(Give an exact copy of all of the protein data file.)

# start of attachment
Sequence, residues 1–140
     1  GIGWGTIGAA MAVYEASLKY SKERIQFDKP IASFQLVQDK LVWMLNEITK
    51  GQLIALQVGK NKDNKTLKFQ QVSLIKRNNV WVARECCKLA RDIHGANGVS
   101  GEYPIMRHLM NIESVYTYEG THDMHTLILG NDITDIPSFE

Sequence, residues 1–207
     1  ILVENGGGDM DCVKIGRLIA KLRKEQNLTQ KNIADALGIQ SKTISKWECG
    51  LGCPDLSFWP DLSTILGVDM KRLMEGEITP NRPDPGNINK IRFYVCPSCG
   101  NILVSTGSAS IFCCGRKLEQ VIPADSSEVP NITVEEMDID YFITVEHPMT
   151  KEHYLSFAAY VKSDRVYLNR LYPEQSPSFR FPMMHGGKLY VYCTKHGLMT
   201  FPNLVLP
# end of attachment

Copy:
Sequence, residues 1–140
     1  GIGWGTIGAA MAVYEASLKY SKERIQFDKP IASFQLVQDK LVWMLNEITK
    51  GQLIALQVGK NKDNKTLKFQ QVSLIKRNNV WVARECCKLA RDIHGANGVS
   101  GEYPIMRHLM NIESVYTYEG THDMHTLILG NDITDIPSFE

Sequence, residues 1–207
     1  ILVENGGGDM DCVKIGRLIA KLRKEQNLTQ KNIADALGIQ SKTISKWECG
    51  LGCPDLSFWP DLSTILGVDM KRLMEGEITP NRPDPGNINK IRFYVCPSCG
   101  NILVSTGSAS IFCCGRKLEQ VIPADSSEVP NITVEEMDID YFITVEHPMT
   151  KEHYLSFAAY VKSDRVYLNR LYPEQSPSFR FPMMHGGKLY VYCTKHGLMT
   201  FPNLVLP